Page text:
I mentioned during my BOF at JavaOne a new component that is close to ready for moving into SwingX: JXScrollMap.
Part of the way that SwingX works is that members first join the incubator project. Members contribute ideas to the incubator, flesh them out, and eventually bring them into SwingX. The incubator contains lots of stuff from really mature ideas to things that aren't. Some of the ideas...
SwingLabs BOF Presentation Slides
As it became almost a tradition we have rolled out next SwingX release just before the SwingLabs BOF at JavaOne last night.
You can get the release from our website, or directly from the java.net or also from the maven central repo. Please note that the artifactID has changed from swingx to swingx-core due to changes in the structure of the project.
Thanks a lot to all who contributed to...
Putting our heads in the sand is not a good development strategy.
My first session this moring at JavaOne was Deploying Java Applications on the Web. It was quite good as it covered some of the newer techniques that have been added to the latest 1.6_x updates. As with any good session, I walked away with some knowledge that I hadn't entered with, but what struck me the most was the legacy of JavaFX. While JavaFX was mentioned (in passing once...
With a renewed focus on the core JDK, JavaOne is looking up....
How to do Test Driven Development (TDD) with JavaFX using Model-View-Presenter pattern? In this installment of Effective JavaFX Architecture, I address this question with all the details and working code samples.
Today I read that Apple finally allows interpreted code on the iPhone. When will Oracle deliver Java for iOS?
Mark Reinhold announced today that the JDK 7 / JavaSE 7 project has slipped once again: mid-2011 without Jigsaws and Lambdas, late 2012 for JavaSE 8 with those. The delay (or some other bad news like dropping features) was already expected by anyone who tracks the project. But really, how big and bad is this delay?
If you want to work for DropBox, they have an interesting programming test which solution must be submitted together with the CV. I’m not considering a position at DropBox, but their test was very fun to ignore: an interesting challenge in algorithms, and another opportunity to exercise JavaFX as any geometric problem surely deserves some GUI.
Now that JDK 6u21, JavaFX 1.3.1 and NetBeans 6.9.1 are all finally released, I'm back to checking the latest news and improvements in JavaFX. The official Release Notes points to the deployment improvements as the single new end-user feature, so I've checked the latest improvements in this area.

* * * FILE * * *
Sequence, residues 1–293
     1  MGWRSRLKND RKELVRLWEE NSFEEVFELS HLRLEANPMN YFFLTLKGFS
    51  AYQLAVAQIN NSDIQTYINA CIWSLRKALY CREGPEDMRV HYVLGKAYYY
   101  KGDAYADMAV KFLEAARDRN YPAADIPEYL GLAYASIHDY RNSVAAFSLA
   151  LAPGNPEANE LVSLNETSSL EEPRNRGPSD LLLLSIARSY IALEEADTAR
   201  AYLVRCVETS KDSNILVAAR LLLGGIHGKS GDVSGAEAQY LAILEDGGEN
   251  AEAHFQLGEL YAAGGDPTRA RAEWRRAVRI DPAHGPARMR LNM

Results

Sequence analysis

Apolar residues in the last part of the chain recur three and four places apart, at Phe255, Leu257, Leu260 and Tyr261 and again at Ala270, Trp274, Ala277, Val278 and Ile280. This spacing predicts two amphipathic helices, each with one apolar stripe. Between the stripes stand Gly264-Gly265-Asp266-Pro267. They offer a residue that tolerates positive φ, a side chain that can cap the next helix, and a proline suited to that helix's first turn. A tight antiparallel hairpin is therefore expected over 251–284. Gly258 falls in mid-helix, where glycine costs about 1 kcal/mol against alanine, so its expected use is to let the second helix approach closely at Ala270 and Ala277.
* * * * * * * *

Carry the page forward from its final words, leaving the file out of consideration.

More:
Iterating over an Enumeration with the for-each statement would be fine, but the JRE's default support is not very smart. So I wrote my own utility providing five times better speed, using virtually no heap space.
I was doing some JavaFX hacking, and I had to create a sequence initially full of zeros. How can you do that? There's apparently only one way...
I've just committed mavenized version of swingx under the swingx-r3734-mavenized branch.
If you know nothing about maven here's the basic:
download and install (unzip) maven from http://maven.apache.org
you should not need to configure anything apart from geting maven/bin on your path so you can run maven
to build swingx you need to run "mvn install" or "mvn clean install...
A quick overview of SwingX PromptSupport.
Release announcement for SwingX 1.6.1.
Finally iAnywhere answered my prayers and implemented support for JDBC batch mode into their latest (and fastest) driver. But at surprisingly bad performance. Let's see why.
Web Services and XML
As part of some open source stuff I've been doing on the side I've had to generate and parse a lot of XML. I like working with the DOM because it's tree structure cleanly matches my needs, but the W3C API is *so* cumbersome. The DOM was designed to be implemented in any language, not just clean OO languages like Java, so any code using it will work but be ugly. After considering a few other XML libraries I decided to write a new one that would work with modern Java 5 language features like generics, enhanced for-each, and varargs. This library is super tiny because it simply wraps the standard javax.xml libraries in the JRE, but gives you a much nicer interface to work with. Here's how to use it (or download it here):
This entry discusses file permission and file attributes support in NIO.2 or JSR-203 which will be part of JDK 7. In this entry you can lean how to read the file attributes like creation date, size, and permissions like execute, read and write flags.